The user command allows you to define additional users who can access the system. Each user has a profile that defines the operations available to users. Available profiles:
admin: all commands are allowed
netadmin: only networking related commands are allowed
policyadmin: only the policy command is allowed
add: add a user with the given profile and password
del: delete a user
mod: modify a user's profile and/or password
list: display a list of all defined users and their profiles
Filtering monitored networks
You can use the Websense Management Interface to define which networks are monitored by the protector.
This CLI command enables advanced filtering of monitored networks.
filter [show | set rule | delete]
show: displays the current active filters - monitored networks
set: defines a list of monitored networks
delete: deletes previously set filter rules
Configuring NTP support
The protector includes an NTP package which contains a NTPD service and a set of related utilities.The service is turned off by default. Enabling the NTP service is simple, but requires very customer-dependent configuration settings. Thus, the following procedure is a general description of the steps that should be executed in order to enable the service.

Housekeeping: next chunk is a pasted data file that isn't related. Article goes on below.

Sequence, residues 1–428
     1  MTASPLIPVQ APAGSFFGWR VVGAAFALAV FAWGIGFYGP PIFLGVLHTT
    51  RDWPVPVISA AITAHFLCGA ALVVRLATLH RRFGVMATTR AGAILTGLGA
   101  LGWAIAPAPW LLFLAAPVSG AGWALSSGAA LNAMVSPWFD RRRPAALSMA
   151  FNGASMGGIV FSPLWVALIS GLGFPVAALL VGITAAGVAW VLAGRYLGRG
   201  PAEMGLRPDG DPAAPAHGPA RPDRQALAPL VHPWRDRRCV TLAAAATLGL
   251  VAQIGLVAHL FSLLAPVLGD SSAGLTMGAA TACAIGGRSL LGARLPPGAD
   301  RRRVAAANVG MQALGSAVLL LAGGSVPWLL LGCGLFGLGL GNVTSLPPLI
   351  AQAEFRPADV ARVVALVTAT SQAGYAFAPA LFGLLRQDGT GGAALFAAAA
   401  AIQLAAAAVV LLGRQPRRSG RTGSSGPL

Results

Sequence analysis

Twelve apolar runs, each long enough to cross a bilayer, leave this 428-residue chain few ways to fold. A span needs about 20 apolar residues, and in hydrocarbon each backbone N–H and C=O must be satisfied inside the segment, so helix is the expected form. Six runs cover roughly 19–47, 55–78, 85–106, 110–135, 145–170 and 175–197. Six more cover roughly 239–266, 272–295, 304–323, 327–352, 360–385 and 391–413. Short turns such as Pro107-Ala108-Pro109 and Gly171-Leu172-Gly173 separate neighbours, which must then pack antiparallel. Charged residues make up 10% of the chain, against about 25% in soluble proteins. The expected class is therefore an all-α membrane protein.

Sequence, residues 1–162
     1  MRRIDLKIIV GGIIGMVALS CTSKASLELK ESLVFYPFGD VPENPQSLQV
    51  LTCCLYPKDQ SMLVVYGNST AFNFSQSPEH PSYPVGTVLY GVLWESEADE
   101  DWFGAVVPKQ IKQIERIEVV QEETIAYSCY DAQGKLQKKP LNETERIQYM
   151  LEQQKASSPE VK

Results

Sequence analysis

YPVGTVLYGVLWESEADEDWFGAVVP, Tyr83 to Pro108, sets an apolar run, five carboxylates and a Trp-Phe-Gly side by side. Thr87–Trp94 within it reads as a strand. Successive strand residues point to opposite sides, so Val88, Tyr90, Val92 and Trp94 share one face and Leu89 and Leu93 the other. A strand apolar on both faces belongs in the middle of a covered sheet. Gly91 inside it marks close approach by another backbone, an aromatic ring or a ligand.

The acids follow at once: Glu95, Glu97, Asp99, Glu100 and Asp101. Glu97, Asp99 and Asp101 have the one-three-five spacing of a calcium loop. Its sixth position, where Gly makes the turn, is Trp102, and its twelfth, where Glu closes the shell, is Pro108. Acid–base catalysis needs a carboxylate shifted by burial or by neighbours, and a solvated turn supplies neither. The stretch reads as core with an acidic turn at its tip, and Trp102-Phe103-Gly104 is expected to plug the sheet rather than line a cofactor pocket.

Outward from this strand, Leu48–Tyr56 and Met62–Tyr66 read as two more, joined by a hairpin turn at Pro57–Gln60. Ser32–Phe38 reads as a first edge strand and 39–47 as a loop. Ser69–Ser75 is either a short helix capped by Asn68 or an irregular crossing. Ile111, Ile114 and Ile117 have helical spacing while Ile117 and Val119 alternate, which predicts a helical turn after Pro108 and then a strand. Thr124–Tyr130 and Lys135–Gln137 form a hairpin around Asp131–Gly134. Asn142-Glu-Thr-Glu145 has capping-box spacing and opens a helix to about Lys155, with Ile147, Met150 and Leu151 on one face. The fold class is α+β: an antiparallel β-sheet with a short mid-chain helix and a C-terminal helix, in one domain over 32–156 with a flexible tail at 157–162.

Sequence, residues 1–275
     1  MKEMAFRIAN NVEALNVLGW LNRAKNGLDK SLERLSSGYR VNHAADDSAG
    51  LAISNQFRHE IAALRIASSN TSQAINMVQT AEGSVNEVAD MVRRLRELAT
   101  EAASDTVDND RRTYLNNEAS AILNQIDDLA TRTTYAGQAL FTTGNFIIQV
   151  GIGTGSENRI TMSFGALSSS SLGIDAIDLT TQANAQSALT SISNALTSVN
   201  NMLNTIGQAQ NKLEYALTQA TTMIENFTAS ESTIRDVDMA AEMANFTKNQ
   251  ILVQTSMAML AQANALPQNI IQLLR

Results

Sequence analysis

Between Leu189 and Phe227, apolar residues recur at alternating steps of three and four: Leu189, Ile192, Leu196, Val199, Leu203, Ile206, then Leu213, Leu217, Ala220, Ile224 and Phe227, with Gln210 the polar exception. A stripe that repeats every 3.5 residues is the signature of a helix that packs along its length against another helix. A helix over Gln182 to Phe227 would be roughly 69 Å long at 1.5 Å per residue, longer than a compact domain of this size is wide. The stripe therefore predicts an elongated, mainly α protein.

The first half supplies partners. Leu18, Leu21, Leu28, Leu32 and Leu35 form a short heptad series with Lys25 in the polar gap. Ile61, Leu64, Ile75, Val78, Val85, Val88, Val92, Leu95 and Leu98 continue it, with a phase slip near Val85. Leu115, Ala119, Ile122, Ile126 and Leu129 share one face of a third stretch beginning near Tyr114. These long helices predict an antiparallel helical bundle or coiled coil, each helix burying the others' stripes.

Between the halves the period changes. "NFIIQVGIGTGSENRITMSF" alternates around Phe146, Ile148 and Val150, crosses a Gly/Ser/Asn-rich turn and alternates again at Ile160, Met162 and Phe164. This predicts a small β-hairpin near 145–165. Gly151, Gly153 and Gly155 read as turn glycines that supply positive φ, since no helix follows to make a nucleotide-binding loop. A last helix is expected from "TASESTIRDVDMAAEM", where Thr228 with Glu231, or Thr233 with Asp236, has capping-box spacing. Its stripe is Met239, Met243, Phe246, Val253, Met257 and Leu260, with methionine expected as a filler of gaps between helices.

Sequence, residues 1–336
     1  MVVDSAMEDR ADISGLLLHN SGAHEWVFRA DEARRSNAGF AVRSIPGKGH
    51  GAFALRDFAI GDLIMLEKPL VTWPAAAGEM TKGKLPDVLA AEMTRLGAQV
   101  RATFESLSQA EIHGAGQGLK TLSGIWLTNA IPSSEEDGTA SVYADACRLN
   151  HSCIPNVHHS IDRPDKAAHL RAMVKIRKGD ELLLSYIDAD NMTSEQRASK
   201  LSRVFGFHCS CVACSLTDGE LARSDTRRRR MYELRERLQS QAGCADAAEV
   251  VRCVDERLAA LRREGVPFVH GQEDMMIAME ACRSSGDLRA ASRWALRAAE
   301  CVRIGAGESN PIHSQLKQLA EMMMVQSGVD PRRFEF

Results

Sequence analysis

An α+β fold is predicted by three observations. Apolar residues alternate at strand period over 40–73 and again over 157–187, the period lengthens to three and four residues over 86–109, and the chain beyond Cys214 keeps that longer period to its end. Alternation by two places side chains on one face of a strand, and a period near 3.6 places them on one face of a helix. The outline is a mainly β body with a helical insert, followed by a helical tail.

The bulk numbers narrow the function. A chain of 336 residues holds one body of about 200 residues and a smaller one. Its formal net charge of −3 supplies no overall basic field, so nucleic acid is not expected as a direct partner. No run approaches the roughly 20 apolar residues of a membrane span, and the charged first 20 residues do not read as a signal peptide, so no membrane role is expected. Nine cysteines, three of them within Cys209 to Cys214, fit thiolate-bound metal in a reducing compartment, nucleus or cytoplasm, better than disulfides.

The NTP service requires root user permissions.
For further NTP configuration details, refer to: http://en.linuxreviews.org/NTP_-_Howto_make_the_clock_show_the_correct_time, or http://doc.ntp.org/4.2.2/, and many other sites on the Web.
From the command line, type chkconfig ntpd on|off to start/not start the service each time the protector machine is started.
Type service ntpd start|stop|restart to explicitly start/stop/restart the service.
Type ntpq -p to verify the synchronization is correct.

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Data Security Protector CLI